In the shadow of a government bailout and bankruptcy came a massive onslaught of General Motors recalls. Even with the dark clouds looming over head, GM gave Lansing some welcomed news, announcing that production of the Chevy Camaro would be moved to Lansing's Grand River Assembly Plant, already making the popular Cadillac models ATS and CTS. More good news came with the announcement of a supplier's plans to build a facility in Clinton County, bringing with it 420 new jobs. Now, the automaker has announced a new $174 million stamping plant in Lansing, that is expected to produce components for the CTS and ATS lines already being assembled here.

This news comes less than two days after GM announced a three week shut down of LGR. The automaker officially cited the need to adjust to supply and demand for the temporary stoppage. Both models saw steep sales drops in the month of June; CTS down 10 percent, ATS down a whopping 32 percent.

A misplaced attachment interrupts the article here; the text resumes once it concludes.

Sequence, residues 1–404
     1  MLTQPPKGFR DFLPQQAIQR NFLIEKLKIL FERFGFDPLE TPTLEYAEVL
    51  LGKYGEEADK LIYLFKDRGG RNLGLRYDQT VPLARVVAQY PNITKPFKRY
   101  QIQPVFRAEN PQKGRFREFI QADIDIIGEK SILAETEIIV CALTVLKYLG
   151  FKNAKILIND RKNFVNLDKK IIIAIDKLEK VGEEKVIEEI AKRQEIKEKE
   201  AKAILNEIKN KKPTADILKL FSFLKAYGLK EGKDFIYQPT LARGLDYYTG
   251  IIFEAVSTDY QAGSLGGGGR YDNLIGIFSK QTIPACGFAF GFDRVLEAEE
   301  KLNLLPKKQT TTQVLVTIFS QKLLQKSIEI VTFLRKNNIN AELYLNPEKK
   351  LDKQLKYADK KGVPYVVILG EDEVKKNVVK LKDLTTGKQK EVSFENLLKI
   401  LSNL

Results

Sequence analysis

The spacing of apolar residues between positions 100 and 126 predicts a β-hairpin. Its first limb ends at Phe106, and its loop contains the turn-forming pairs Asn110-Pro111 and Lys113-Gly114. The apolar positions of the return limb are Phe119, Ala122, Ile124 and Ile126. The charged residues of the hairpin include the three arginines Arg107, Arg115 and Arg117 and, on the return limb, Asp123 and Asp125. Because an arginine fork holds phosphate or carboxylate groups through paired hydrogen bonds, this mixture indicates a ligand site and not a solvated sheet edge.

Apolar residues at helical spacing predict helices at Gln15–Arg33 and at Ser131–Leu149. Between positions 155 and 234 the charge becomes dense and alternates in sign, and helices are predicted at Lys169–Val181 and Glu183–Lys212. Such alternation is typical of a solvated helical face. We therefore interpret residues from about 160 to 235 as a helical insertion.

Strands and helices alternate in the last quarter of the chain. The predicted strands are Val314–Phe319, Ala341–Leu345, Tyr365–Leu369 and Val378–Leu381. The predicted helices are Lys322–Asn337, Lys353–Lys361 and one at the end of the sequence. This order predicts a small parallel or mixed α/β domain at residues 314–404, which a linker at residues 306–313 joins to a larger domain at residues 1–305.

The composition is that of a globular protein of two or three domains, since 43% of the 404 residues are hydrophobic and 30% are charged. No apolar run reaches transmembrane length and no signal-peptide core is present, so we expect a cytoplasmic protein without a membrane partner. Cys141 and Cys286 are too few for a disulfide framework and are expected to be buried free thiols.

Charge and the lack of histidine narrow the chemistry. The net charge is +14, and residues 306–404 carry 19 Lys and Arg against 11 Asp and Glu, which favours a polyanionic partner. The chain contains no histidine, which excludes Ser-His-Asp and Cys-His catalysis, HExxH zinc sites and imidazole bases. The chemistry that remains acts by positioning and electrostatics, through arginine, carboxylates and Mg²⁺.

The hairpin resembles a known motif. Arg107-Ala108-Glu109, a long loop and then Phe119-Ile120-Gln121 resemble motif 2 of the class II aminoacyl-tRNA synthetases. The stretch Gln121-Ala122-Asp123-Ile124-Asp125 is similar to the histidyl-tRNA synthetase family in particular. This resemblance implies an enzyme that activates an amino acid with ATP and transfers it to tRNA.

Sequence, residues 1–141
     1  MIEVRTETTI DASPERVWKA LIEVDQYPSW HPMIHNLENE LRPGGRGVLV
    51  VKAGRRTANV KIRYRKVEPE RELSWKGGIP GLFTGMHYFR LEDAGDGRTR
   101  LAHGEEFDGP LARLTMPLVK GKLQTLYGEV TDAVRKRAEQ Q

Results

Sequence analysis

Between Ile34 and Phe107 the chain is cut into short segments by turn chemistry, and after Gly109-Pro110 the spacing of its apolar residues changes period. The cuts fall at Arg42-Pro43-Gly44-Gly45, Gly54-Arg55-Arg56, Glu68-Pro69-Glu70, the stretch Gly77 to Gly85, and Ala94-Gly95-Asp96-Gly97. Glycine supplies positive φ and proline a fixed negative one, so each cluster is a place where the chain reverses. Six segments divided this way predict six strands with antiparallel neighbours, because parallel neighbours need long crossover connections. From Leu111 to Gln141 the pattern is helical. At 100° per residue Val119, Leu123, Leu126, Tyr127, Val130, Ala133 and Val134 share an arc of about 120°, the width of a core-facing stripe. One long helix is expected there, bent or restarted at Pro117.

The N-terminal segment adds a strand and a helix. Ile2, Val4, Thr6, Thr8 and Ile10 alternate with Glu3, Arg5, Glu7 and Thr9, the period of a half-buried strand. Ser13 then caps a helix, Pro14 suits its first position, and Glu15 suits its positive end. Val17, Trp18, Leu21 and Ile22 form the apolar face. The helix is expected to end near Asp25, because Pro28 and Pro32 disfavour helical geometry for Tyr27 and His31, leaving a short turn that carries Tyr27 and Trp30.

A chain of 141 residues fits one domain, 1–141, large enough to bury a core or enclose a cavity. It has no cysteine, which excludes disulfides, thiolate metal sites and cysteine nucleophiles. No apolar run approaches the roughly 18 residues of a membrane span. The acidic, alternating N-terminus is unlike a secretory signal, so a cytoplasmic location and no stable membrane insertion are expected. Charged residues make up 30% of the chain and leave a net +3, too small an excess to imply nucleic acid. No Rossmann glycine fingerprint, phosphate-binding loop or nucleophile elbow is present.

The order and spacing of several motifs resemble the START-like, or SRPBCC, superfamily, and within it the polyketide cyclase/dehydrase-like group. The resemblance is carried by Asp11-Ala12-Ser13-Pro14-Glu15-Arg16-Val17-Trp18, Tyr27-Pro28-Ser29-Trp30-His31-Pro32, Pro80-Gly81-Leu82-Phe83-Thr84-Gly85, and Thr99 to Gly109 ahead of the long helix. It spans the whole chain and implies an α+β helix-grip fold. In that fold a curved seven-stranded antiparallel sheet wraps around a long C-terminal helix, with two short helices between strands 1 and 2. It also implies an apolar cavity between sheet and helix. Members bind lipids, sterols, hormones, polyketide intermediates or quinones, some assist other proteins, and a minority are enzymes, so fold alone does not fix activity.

Being a lifelong Lansing Area resident, the good news-bad news roller coaster is eerily similar to the ups-and-downs GM portrayed to the region in the late 90's and early 21st Century. After announcing that the Oldsmobile Alero would be made in Lansing, GM also said that once its 5 year run was up, production in Lansing could cease completely. When the Oldsmobile brand was phased out, it seemed that the scary reality that Flint and Saginaw had to face might be staring down Mid-Michigan. But, a fantastic campaign called Lansing Works! came to the rescue. It was a pitch to GM that convinced them that Lansing has the best damn auto workers in the world, and leaving Lansing behind in their plans would be of great detriment to both the automaker and the region. The resulting commitment from GM to build the Lansing Delta Township and Lansing Grand River Assembly Plants signaled a new commitment to our hardworking ways in Mid-Michigan. Don't think for a second that the words of Lansing Works! doesn't continue to ring with GM brass, despite the ups and downs.